Actors seem out of phase. They can be right before your eyes but you’re aware of a second image slightly overlapping the other, an image of the character they’re playing. There’s an uncertainty about whom you’re dealing with. Sometimes you feel like you’re there to help them with their lines.

Desperate times demand stupid moves, and so here I sat with an actor on my couch. And now another lamp, on the table beside him, started flickering. “What is it with your light bulbs?” he asked.

Instead of answering him, I addressed the room: “Okay, I know you’re here. You can stop annoying us.”

The actor looked at me with a touch of fear. I was talking to somebody who wasn’t there. Maybe I was delusional. Maybe he had made a mistake by coming. Tough luck, the trains had stopped running.

Whatever the case, I seemed to have an uncanny ability to make bulbs stop flickering, because table lamp was back to normal.

I knew what was really going on: Grandpa didn’t like this guy. My actor didn’t know that he’d just gotten a bad review.

It wasn’t the first or the last occasion that my grandfather would meddle in my sorry affairs. He would make his point by doing something creepy, thus conveying his opinion that these were not appropriate men for me. I agreed with him. No one would ever measure up to the one who broke my heart. I was exploring my freedom to self-destruct. And Grandpa was in the way.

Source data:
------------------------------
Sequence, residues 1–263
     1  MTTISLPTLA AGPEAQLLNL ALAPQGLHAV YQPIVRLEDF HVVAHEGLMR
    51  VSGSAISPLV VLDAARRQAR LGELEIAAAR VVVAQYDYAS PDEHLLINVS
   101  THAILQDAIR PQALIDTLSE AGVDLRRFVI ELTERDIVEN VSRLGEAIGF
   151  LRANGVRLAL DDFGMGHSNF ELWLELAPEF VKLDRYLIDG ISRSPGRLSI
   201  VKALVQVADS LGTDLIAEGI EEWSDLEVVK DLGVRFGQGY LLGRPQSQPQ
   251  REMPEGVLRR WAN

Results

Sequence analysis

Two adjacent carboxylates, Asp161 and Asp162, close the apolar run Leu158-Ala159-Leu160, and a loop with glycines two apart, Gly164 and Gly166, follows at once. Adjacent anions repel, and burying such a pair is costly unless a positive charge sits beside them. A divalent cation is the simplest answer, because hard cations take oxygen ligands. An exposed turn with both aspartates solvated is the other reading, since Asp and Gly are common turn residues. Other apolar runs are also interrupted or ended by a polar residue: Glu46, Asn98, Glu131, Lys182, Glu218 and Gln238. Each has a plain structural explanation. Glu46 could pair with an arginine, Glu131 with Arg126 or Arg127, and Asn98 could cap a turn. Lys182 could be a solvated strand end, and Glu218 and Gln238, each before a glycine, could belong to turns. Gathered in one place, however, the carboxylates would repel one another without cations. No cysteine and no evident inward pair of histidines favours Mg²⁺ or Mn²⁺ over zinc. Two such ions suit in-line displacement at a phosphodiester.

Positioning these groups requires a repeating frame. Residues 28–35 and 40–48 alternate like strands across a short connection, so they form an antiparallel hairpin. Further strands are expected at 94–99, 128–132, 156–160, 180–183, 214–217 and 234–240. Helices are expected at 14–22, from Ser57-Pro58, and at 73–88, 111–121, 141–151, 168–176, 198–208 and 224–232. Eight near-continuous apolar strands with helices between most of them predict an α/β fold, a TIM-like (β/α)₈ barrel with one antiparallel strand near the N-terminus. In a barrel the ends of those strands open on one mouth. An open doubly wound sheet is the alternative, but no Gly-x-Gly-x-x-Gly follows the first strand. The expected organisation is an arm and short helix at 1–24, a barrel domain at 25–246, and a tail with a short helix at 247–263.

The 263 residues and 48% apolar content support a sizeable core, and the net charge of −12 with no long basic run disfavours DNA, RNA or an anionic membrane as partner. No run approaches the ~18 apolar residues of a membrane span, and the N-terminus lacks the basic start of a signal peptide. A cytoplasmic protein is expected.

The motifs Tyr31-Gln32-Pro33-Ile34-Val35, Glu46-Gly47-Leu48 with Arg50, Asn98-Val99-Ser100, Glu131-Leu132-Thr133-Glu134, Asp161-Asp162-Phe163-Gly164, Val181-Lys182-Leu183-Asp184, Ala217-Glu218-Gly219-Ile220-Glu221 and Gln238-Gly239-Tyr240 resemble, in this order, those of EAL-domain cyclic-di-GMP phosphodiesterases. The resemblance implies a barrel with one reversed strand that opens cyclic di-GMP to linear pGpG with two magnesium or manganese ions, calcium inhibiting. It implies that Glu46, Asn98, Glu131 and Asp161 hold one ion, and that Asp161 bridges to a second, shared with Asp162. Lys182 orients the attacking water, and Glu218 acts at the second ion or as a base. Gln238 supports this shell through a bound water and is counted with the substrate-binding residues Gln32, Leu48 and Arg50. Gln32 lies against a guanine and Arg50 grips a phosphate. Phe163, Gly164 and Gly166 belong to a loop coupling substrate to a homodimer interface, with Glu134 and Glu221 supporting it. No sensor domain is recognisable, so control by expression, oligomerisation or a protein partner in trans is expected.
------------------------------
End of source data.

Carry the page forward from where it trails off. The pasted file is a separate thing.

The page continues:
Delaying the inevitable, when I would lead the actor from couch to mattress, I offered to read his Tarot cards. I’d just begun learning how to predict the future and I needed the practice. I asked the actor if he had any questions. Without hesitating, he wanted to know, “Will I become a famous actor?”

I know it was a bit cruel, but I told him what the cards unequivocally said: “No.”

From my point of view, Grandpa had already put a damper on the evening. From the actor’s point of view, after my Tarot reading, the evening was beyond damp: it had drowned.

About 30 years after I put him on the morning train back to New York, I searched for the actor’s credits on Imdb. Minor roles, mostly in TV, petered out around 1997. Guess he didn’t make it.

It’s good to know when it’s better not to know.

(To be continued.)


  1. That's so funny. I saw his picture & thoughtbI remember that guy in an episode of Lost In Space. And sure enough it was him. I really wonder what he thought of you and the lights. I bet he remembers that night as well as you.

  2. Actually whatever actor you're referring to wasn't him. This actor was too young for the TV series of Lost in Space and had stopped working before the 1998 film. I'm hoping no one would ever guess his identity from this post! It would be very embarrassing for both of us!

  3. But I thought you said yr friend opened her little black book & it was Beatty or Pollard. Pollard was a kid in just 1 Lost in Space episode. I always remember him from there. Lucky it wasn't Beatty or u would have written He's So Vain & thinks I'm Strange. Lol.

  4. Actually now I reread your comment. No he was in the TV show, not the awful movie.

  5. The actor in the story was neither Beatty nor Pollard but someone else. I guess maybe that wasn't clear.